Our church celebrates Ash Wednesday with a simple liturgy read in a shadowy room. We light candles, draw the sanctuary’s chairs into a circle around our pastor, the table, and the ashes, and at the end of the service, file up to our pastor and wait for our turn with the ashes. As he draws a cross in black ash on each brow, the only sound is his voice saying, musically, “Dust you are, and to dust you shall return,” to each of us. Even the children—and a high percentage of our small church body is under the age of five—fall silent for this.
Ash Wednesday leads us into Lent gently but decisively, just as Lent leads us toward Easter with the patience of a farmer sowing seeds. I love Ash Wednesday, though it tends to sneak up on me each year, coming as it does almost on the heels of Christmas. But this year, I got the jump on it: while planning posts for this blog, I saw it on the calendar and thought, “A ha! Not this year, my friend!” This year, I was ready for it. I dug out the Easter books and photographed them for you; I considered Lent with prayer for an entire week before Ash Wednesday.
And I gave thought to how our family would celebrate, which led me to think about how you might like to celebrate with your family. I suspect that, for both of us, a good celebration begins with good books, and with that in mind, I compiled a short list of books for Lent that our family has loved from year to year.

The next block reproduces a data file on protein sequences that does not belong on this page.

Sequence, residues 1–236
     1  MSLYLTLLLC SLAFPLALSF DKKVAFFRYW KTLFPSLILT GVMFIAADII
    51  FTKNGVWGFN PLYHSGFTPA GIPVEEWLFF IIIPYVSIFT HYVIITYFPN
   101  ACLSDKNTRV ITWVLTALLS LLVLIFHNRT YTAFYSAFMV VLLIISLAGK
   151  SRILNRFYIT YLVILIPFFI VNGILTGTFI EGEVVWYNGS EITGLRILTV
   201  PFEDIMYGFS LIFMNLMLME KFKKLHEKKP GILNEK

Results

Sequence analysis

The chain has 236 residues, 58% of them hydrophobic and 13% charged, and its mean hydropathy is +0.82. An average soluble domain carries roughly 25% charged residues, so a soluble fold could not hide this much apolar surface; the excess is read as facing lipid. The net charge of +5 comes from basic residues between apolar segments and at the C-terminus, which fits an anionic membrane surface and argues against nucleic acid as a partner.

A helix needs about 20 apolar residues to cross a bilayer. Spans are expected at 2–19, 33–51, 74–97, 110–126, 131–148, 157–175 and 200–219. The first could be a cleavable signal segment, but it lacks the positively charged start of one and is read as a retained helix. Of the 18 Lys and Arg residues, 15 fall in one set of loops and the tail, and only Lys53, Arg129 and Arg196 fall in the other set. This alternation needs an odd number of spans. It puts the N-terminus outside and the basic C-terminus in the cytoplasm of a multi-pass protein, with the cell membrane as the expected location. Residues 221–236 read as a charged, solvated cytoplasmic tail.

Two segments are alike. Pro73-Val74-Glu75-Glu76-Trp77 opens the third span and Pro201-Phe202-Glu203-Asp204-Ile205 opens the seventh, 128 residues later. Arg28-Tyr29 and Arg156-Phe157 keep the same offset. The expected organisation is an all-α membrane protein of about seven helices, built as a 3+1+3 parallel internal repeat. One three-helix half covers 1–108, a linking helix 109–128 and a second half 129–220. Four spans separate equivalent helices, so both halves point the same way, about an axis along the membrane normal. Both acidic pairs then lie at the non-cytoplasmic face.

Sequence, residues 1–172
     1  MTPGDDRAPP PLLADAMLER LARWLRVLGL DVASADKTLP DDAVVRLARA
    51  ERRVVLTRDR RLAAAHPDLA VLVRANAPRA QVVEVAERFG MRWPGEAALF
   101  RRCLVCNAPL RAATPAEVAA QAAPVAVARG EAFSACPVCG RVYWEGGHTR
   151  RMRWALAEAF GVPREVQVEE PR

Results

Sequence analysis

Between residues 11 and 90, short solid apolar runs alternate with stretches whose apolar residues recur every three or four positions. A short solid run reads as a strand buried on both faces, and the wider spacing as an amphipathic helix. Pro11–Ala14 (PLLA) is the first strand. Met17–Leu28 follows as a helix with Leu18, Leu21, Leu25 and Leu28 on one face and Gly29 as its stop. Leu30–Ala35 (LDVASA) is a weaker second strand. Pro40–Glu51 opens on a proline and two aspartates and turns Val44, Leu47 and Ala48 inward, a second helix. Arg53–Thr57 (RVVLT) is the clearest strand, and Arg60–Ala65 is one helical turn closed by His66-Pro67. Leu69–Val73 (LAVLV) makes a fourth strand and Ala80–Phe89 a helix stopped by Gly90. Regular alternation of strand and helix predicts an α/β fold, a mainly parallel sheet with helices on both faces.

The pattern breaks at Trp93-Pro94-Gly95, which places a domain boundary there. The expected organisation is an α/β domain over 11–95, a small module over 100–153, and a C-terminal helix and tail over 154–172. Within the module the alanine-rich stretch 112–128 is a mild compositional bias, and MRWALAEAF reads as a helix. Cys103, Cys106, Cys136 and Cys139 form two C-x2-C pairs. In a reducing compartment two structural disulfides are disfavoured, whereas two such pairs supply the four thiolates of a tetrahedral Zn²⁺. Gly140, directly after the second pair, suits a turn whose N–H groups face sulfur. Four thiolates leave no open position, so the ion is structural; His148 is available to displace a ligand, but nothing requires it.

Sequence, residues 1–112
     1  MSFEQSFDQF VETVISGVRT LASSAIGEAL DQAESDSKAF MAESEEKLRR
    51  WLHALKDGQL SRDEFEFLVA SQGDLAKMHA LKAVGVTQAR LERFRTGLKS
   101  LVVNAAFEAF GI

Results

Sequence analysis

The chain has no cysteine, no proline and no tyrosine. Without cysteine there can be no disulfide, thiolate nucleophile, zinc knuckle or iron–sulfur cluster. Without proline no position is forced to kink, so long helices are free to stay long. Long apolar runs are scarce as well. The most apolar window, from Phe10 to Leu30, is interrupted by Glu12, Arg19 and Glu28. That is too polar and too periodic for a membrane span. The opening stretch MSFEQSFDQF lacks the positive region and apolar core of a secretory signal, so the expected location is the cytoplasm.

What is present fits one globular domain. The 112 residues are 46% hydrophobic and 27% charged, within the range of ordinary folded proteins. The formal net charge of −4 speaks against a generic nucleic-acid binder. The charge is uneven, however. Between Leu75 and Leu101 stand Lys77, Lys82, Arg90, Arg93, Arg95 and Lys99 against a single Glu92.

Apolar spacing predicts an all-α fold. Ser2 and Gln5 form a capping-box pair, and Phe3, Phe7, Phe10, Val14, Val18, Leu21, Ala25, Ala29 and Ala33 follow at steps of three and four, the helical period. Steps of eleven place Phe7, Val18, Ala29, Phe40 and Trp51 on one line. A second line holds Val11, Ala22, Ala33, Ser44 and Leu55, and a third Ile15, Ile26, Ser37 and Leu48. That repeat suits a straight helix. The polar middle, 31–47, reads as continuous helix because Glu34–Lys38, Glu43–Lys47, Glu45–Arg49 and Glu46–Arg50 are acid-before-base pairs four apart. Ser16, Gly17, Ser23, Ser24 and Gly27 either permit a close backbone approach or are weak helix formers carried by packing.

Petook, by Caryll Houselander
Houselander tells the story of Easter through a parallel story of a rooster named Petook; Tomie dePaola weaves little details into the illustrations that will surprise you and your little readers. (Read the full review.)
Peter’s First Easter, by Walter Wangerin, Jr.
Through the chapters of this picture book, Wangerin puts the reader right in Peter’s shoes, describing his love for Jesus, and his grief as he walks through the events of Holy Week. (Read the full review.)
The Story of Easter, by Aileen Fisher
The Story of Easter goes beyond telling the story of Holy Week (though it does that, too) and explains a bit about the traditions and symbols linked to Easter. This is one of my favorites. (Read the full review.)
The Light of the World, by Katherine Paterson
Though not strictly an Easter book, I love Katherine Paterson’s telling of Jesus’ life and think it perfectly fitting for Lenten reading, as it places Holy Week in a larger context and reminds us of what Christ accomplished on the Cross. (Read the full review.)
The Donkey who Carried a King, by R. C. Sproul
R. C. Sproul nests the story of the crucifixion within the story of a donkey named Davey. That story is nested, in turn, within the story of a young boy who is picked last for the team. It sounds confusing, but Sproul executes the story-within-a-story trick beautifully. (Read the full review.)
These are my top five Easter favorites, but they are not the only Easter books featured on Little Book, Big Story. You can read the other reviews in the Easter section of the blog. I’ll share still more with you during the next few weeks, as a bookish way to observe Lent.
This post originally appeared on this blog in March of 2015.